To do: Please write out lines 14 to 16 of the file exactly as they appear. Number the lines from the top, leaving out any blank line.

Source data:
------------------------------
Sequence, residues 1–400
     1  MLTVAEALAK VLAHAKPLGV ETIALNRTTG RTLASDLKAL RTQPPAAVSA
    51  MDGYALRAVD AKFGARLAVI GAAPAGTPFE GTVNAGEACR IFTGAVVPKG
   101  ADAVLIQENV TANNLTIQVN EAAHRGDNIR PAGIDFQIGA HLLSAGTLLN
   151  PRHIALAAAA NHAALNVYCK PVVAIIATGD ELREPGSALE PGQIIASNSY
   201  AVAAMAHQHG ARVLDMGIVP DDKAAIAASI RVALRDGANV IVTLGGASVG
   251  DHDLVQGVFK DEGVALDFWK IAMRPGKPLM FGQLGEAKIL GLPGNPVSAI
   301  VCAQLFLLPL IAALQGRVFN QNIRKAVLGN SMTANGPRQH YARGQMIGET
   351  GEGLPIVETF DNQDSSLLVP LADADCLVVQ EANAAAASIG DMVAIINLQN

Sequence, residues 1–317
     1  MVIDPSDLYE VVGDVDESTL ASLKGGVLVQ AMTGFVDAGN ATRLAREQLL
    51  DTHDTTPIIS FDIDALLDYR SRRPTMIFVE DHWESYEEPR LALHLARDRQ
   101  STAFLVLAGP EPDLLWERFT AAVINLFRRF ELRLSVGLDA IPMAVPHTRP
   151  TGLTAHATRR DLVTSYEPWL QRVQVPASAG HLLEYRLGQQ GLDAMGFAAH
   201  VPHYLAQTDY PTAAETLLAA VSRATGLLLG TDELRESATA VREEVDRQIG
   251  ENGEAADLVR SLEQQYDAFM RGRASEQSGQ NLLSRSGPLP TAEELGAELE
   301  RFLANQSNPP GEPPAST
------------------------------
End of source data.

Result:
   151  TGLTAHATRR DLVTSYEPWL QRVQVPASAG HLLEYRLGQQ GLDAMGFAAH
   201  VPHYLAQTDY PTAAETLLAA VSRATGLLLG TDELRESATA VREEVDRQIG
   251  ENGEAADLVR SLEQQYDAFM RGRASEQSGQ NLLSRSGPLP TAEELGAELE